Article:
The National Academies of Science (NAS) and National Academies of Medicine (NAM) have their work cut out for them as they begin hashing out under what circumstances, if any, should researchers carry out germline editing of human genomes. NAS and NAM said earlier this month they will develop recommendations for researchers on the thorny issue, through an initiative that will include an international summit set for this fall, an international committee, and an advisory panel to guide the work. The summit will “convene researchers and other experts to explore the scientific, ethical, and policy issues associated with human gene-editing research,” the academies said in a statement.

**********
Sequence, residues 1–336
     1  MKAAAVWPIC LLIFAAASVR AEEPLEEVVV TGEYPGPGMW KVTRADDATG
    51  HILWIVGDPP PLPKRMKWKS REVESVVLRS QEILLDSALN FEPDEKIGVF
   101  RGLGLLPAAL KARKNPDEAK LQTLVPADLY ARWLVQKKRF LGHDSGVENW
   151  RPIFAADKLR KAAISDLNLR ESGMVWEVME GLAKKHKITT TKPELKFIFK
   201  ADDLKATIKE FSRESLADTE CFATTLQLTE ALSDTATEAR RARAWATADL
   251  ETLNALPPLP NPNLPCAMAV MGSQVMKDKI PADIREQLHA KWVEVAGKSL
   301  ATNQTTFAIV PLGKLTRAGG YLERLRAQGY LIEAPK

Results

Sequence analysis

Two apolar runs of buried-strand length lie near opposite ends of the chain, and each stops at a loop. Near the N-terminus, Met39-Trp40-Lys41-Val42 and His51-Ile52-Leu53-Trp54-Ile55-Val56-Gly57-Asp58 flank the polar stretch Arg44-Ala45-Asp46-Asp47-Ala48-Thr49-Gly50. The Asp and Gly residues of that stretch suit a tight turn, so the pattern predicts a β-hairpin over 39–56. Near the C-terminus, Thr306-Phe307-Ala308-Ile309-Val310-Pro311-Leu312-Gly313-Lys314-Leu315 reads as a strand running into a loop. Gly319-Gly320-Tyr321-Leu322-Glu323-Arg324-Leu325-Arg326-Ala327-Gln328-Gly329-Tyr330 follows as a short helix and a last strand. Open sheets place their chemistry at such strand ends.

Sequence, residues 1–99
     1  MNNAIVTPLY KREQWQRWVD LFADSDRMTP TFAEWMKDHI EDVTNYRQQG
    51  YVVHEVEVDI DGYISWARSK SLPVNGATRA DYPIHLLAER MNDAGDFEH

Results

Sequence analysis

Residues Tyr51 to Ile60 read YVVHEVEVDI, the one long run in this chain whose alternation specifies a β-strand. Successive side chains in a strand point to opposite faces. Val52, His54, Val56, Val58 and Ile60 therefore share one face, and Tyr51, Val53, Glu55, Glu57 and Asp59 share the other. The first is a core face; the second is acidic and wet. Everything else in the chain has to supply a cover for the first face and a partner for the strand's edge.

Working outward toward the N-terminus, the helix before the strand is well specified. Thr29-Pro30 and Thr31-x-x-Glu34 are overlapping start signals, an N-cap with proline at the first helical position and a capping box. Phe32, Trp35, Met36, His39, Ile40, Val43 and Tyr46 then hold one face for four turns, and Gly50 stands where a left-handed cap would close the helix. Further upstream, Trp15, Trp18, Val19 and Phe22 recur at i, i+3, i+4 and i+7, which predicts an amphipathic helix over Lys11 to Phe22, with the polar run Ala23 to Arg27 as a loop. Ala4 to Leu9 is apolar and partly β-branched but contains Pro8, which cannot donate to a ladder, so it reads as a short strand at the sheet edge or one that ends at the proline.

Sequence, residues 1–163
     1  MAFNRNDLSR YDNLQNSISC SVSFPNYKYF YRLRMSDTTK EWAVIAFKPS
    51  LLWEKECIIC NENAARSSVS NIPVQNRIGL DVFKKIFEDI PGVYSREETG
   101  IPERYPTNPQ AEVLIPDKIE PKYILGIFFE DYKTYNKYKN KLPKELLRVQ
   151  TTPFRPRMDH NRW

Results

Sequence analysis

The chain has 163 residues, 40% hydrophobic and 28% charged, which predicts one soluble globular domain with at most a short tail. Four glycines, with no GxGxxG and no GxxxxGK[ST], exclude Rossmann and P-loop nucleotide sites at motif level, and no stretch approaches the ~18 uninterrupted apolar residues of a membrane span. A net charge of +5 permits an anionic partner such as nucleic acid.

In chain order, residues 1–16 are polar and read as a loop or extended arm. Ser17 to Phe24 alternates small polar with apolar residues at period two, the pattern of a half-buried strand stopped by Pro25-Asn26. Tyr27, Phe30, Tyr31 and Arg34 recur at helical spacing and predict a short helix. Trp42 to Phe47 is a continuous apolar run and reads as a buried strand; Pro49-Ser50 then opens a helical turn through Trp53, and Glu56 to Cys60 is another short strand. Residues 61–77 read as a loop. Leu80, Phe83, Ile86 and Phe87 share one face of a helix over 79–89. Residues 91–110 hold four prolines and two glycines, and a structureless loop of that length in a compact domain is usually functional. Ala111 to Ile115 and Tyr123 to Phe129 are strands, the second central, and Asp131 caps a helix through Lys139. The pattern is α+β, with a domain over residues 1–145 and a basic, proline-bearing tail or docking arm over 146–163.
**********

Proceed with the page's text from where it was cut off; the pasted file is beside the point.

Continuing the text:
The committee’s task will be no less than to decide: Who should prevail among researchers when it comes to germline genome editing?
“I am delighted that the NAS and the NAM are leading a discussion of these important issues,” Dr. Doudna told the journal Nature. “This is indeed the kind of response we hoped to trigger.”
A reminder of the high stakes on this issue emerged on April 18, when Junjiu Huang, Ph.D., and colleagues at China’s Sun Yat-sen University published results in in the journal Protein & Cell from their use of CRISPR/Cas9 on human embryos
That adds urgency to the academies’ effort to develop guidelines for the practice aimed at ensuring safety and preventing unethical. Those guidelines should be a first step toward global standards of research more likely to gain compliance beyond the U.S. and the West. Even more urgent is the need for any guidelines to be adopted by institutions conducting research, and especially the conferences and journals that disseminate its results.
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